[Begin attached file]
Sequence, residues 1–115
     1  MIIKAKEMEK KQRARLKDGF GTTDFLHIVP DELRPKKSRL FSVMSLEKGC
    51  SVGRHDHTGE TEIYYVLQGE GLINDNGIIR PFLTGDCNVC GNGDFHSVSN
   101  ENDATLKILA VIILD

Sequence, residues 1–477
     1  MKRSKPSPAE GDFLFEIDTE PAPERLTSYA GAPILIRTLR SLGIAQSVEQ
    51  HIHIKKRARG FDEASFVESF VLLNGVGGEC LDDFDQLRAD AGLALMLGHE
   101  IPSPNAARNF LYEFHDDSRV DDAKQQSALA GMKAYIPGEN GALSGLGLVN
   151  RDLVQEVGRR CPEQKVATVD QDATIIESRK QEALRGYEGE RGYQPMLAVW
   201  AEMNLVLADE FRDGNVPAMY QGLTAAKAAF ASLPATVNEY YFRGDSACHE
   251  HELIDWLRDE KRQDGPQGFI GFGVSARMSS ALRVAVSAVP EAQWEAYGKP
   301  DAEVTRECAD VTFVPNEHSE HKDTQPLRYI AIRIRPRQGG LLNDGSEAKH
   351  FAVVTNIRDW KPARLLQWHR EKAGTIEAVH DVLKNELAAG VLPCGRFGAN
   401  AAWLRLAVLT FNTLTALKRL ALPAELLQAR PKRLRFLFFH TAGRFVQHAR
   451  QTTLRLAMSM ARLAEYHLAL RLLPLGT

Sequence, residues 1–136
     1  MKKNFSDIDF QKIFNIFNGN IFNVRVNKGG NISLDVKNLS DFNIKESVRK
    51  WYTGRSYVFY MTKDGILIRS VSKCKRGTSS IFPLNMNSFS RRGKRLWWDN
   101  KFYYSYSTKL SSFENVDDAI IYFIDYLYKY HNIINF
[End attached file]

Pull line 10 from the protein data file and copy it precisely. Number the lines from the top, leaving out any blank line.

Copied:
   201  AEMNLVLADE FRDGNVPAMY QGLTAAKAAF ASLPATVNEY YFRGDSACHE